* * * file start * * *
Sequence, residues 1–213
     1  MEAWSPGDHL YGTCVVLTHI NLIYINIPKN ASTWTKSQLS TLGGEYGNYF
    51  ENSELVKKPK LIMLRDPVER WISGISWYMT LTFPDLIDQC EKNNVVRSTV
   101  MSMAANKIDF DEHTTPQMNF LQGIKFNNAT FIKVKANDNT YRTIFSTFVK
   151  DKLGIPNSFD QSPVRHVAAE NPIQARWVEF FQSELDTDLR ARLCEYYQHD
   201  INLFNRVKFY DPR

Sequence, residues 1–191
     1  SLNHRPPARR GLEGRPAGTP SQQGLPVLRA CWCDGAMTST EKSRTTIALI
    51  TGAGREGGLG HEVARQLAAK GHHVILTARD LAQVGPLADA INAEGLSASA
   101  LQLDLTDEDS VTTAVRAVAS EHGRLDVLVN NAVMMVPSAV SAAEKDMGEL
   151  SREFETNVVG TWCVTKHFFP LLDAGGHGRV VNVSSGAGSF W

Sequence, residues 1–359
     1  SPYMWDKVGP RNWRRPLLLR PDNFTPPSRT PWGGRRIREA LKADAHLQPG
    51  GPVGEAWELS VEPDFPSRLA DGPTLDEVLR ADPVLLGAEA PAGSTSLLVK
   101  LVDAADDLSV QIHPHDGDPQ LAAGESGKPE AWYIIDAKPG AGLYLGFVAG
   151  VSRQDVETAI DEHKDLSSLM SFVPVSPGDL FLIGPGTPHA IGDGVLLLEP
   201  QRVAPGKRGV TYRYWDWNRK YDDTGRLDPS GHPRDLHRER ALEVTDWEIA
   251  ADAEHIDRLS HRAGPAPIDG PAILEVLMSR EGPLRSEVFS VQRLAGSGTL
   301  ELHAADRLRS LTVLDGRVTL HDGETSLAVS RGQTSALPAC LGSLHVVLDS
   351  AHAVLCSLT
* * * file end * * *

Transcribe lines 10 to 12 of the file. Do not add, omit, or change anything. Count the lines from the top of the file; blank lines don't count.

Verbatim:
   101  LQLDLTDEDS VTTAVRAVAS EHGRLDVLVN NAVMMVPSAV SAAEKDMGEL
   151  SREFETNVVG TWCVTKHFFP LLDAGGHGRV VNVSSGAGSF W

Sequence, residues 1–359